China's Far From Done With Coal as Regulator Eases New Plant Ban
(Bloomberg) -- China allowed 11 provinces and regions to resume building coal power plants, in another sign that the world’s largest energy user is far from finished with the most-polluting fossil fuel.
The National Energy Administration forecast that only 10 provinces and regions would have an excess of coal-fired electricity generation capacity in 2022, down from last year’s outlook for a glut in 21 areas by 2021. That means 11 areas can start building plants again, as the overcapacity label had suspended construction of new projects until the issue was addressed.
The decision underscores how dependent on coal the world’s second-largest economy still is, even as it invests hundreds of billions of dollars in cleaner energy sources such as natural gas, wind turbines and solar panels. While coal’s share of China’s total energy consumption fell to 59 percent last year, the growth in the country’s total energy consumption meant burning of the dirty fossil fuel actually increased by 1 percent.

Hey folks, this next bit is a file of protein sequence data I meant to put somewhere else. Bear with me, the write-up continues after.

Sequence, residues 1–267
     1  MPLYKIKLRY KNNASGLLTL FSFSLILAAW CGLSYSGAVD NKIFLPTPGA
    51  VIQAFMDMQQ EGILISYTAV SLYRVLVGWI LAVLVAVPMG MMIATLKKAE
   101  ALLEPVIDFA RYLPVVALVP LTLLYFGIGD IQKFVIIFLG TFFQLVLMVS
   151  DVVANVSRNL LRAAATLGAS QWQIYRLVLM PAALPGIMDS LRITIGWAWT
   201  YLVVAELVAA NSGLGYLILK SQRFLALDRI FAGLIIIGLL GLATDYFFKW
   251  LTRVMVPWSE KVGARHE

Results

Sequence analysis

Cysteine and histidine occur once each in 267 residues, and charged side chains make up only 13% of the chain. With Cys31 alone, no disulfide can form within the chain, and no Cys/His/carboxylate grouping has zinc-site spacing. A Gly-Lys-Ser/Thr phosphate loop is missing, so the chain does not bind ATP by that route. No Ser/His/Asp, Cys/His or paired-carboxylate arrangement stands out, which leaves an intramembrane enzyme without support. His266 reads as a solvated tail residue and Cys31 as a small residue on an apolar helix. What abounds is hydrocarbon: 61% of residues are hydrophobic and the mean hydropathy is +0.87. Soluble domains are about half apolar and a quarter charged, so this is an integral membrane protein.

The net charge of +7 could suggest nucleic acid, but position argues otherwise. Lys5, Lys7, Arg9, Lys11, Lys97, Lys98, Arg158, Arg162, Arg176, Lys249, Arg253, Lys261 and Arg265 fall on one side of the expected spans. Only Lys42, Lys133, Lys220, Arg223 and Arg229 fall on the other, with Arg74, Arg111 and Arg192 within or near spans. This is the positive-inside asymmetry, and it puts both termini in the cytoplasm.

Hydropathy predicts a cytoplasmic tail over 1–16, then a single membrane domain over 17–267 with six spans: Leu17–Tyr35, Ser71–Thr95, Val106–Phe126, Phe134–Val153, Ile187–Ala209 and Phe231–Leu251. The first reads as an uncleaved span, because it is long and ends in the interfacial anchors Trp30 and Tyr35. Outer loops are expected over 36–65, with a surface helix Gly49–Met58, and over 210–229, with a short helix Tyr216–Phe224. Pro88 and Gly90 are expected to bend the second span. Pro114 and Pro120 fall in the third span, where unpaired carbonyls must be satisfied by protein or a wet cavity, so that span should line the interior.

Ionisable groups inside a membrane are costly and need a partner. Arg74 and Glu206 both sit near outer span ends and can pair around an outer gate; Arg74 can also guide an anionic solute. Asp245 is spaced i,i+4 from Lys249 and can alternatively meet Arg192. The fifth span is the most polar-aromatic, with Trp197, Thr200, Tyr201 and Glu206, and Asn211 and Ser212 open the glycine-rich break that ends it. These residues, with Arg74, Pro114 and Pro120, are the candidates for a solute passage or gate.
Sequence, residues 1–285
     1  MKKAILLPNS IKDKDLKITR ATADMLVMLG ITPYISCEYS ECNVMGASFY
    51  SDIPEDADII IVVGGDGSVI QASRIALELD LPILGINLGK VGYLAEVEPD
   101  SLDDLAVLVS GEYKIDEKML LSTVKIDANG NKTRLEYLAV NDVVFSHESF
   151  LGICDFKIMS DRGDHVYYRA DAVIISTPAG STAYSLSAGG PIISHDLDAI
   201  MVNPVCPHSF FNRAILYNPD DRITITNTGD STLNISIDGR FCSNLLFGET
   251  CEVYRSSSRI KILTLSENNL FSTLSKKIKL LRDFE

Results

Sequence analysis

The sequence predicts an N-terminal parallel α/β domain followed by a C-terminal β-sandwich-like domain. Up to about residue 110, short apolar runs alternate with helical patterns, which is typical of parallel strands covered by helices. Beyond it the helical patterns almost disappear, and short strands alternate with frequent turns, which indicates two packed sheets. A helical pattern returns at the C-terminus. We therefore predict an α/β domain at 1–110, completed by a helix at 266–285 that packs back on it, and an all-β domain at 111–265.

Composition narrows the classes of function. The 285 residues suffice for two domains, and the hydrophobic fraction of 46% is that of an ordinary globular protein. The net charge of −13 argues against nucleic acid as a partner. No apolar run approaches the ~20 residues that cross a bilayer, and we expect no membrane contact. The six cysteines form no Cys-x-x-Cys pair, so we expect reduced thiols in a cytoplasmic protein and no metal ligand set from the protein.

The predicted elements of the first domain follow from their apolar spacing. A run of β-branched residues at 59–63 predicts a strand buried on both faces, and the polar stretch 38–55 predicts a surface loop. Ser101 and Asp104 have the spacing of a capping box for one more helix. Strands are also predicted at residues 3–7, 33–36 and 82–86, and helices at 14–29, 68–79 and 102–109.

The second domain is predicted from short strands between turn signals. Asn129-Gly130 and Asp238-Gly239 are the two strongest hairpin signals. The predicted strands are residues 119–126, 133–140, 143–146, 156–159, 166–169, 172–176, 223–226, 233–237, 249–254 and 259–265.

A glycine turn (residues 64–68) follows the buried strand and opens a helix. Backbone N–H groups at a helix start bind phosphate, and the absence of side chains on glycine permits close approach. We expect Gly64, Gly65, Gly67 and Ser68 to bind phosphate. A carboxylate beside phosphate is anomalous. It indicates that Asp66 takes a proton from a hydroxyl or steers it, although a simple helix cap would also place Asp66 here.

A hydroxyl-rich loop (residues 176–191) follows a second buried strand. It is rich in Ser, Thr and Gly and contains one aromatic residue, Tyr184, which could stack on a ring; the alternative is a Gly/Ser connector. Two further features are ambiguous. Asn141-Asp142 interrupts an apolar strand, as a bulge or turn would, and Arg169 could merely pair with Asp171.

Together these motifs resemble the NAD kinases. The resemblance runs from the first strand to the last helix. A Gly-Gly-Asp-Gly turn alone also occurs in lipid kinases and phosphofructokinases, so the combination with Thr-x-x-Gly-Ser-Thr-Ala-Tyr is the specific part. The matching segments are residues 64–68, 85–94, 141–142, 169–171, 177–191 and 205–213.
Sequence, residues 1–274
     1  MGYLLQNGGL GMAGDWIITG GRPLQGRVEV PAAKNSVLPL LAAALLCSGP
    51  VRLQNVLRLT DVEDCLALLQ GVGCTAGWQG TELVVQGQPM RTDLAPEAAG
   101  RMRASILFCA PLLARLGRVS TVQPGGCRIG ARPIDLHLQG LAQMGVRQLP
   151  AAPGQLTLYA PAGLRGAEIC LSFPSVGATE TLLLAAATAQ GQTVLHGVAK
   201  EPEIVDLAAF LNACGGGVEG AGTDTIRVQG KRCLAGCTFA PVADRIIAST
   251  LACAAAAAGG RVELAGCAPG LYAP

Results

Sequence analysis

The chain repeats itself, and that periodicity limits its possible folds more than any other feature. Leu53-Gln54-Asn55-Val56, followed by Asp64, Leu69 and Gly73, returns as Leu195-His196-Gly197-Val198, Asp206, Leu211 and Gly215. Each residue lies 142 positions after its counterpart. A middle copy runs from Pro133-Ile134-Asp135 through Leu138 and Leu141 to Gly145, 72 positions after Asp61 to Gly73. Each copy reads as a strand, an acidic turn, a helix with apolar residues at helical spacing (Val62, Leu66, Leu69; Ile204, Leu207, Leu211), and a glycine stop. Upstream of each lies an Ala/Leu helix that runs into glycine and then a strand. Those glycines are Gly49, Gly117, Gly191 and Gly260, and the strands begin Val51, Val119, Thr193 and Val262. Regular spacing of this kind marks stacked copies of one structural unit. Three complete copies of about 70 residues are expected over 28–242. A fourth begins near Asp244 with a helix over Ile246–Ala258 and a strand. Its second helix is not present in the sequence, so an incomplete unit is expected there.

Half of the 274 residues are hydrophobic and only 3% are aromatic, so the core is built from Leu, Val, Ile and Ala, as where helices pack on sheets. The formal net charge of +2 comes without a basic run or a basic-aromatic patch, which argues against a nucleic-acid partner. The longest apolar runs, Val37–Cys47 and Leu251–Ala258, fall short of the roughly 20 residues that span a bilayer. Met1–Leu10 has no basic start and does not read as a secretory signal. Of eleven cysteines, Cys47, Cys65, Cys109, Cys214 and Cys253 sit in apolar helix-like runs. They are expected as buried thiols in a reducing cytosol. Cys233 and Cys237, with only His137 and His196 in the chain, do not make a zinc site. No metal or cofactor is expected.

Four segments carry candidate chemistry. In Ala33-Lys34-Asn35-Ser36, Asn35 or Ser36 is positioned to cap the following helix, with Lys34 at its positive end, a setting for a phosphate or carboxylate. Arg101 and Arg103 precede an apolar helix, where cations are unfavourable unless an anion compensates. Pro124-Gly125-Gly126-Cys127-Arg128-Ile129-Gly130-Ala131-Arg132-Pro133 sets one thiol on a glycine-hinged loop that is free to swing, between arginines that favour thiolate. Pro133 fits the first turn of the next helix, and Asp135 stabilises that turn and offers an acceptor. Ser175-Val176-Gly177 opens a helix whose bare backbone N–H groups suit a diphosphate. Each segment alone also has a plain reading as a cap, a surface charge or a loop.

Shares of Chinese coal miners jumped on Friday’s news. Datong Coal Industry Co. rose as much as 10 percent, the most in 21 months. Shanxi Xishan Coal & Electricity Power Co. gained as much as 9 percent, the biggest intraday advance since December 2017.
Areas freed up for new coal power plant construction include Hebei, Qinghai, Chongqing, Guangxi, Guangdong, Yunnan, Guizhou and Henan, according to the NEA. The facilities aren’t allowed to produce heat for residential customers, but can serve large industrial users.
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